MADEIRA BEACH — Reacting to protests from a number of residents, city officials are backing off what one called "grandiose" plans for a new city hall, fire station and recreational complex.
Vice Mayor Robin Vander Velde has been inundated with phone calls and emails from residents questioning the scope of the project, she said Monday during a special meeting.
"We owe it to the residents and taxpayers to listen to them," Vander Velde said.
Until last week, the commission, including Vander Velde, has consistently approved planning for the larger-scale project.
"We are still not comfortable that everybody in the city is ready to pay $9 million," said Commissioner Nancy Oakley. "They are convinced we need a new city hall and fire department, but maybe not on as much of a grandiose scale."
At Vander Velde's urging, the commission decided not to authorize further architectural planning and instead more closely examine projected costs, which are expected to be updated by late January or early February.
"We are getting sticker shock," City Manager Shane Crawford said. "There is a divide here and we need to get on the same sheet of music. This will slow down the time line, but not a great deal. You need education. This is a huge decision."
When new costs are available, the commission plans to discuss the project again, examine financing options, schedule several town hall meetings, and possibly conduct a townwide mail-in survey.
"The town hall process can help this decisionmaking process," Jason Jensen of Wannemacher Jensen Architects said Thursday. "This is a unique opportunity for the city to take advantage of this waterfront site. It could be a true gem that sets Madeira Beach apart from all other communities if it is done right."
The most recent plans presented by Jensen call for floor-to-ceiling windows providing first-time waterfront views from the proposed city hall offices, multipurpose room and fitness center.
The commission chambers, placed at the center of the city hall complex, are flanked on either side by office and multipurpose spaces.
A covered boardwalk wrapping around the city hall creates an outside deck facing the waterfront that could be used for special events.
Parking spaces beneath the proposed environmentally friendly building allows more green space outside the building and along the water.
The multipurpose portion of the proposed complex includes a fitness center to be used by both firefighters and the public.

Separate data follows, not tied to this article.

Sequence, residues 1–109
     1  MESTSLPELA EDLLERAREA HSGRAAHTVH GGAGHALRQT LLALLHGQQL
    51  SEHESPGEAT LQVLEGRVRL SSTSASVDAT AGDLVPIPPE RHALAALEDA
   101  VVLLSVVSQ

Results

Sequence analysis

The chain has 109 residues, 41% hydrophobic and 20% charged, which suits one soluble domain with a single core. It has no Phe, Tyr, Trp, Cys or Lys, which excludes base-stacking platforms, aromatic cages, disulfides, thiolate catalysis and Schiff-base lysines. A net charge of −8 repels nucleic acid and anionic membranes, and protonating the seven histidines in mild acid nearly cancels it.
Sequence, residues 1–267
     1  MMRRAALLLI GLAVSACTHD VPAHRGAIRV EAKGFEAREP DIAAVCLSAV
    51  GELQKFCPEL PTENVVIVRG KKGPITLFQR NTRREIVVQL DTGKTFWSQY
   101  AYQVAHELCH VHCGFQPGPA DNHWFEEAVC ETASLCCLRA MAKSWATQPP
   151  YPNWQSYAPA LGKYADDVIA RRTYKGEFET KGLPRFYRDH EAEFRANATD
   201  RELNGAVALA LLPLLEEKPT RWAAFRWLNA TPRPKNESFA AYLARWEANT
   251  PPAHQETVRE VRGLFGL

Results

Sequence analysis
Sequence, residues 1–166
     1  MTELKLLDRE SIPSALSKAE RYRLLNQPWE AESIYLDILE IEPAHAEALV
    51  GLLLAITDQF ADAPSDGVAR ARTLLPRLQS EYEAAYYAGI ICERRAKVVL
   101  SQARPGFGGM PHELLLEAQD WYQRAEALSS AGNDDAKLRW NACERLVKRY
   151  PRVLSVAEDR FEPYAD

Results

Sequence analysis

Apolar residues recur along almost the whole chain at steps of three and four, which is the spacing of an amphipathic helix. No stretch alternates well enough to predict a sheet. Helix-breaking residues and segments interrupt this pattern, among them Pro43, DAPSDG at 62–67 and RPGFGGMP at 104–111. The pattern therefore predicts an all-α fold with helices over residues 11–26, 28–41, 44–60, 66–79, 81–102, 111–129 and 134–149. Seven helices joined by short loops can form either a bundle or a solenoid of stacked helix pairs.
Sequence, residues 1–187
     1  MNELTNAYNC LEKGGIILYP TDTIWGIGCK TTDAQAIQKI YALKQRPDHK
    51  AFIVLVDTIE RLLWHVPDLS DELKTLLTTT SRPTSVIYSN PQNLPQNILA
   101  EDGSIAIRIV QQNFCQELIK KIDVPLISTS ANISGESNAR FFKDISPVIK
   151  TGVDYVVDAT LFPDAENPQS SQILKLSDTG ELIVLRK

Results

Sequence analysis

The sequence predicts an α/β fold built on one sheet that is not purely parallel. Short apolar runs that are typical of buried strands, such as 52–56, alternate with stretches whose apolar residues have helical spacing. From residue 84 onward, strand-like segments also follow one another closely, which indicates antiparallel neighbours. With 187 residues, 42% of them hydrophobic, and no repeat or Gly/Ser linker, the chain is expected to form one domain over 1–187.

The existing fire station would remain in place during construction to prevent any lapse in fire services.
The new fire station's first floor includes offices and engine bays, with living quarters on the second where firefighters have the option of using a classic fire pole, an elevator and stairs to reach fire apparatus when answering calls.
The current 1950s-era City Hall is badly deteriorating.
The building is plagued with roof and window leaks, mold infestations, air-conditioning failures, and even fire hazards in the fire department portion of the building.
Federal rules prevent any more than $400,000 — not enough to correct all these problems —- to be spent on the existing building, which is 7 feet below flood plain.
Current plans call for a 9,500-square-foot City Hall building, an 8,050-square-foot multipurpose building, and a 7,900-square-foot fire station.
The most recent cost estimate for the city hall/fire station/multipurpose building complex range from $5.6 million to $6.2 million, depending on the options selected.
That cost jumps an additional $2.6 million for a new recreation center and renovated athletic fields requested by residents during an October town hall meeting attended by more than 100 people.
The new recreation center includes spaces that could be rented for parties, weddings, and other activities, open parkland along the waterfront, a softball field, a Little League field, and also a flexible multipurpose field that could be used for softball, Little League or other activities.
Jensen said the city could save significant money by constructing both the city hall and recreation center projects at the same time.
The city could spend about $3.5 million from reserves and finance the rest, keeping enough money in reserves to address other infrastructure needs and emergency needs, according to Crawford.
So far, the city has spent about $150,000 for surveys, code research, master planning, and architectural renderings. The next step in planning would cost about $172,000.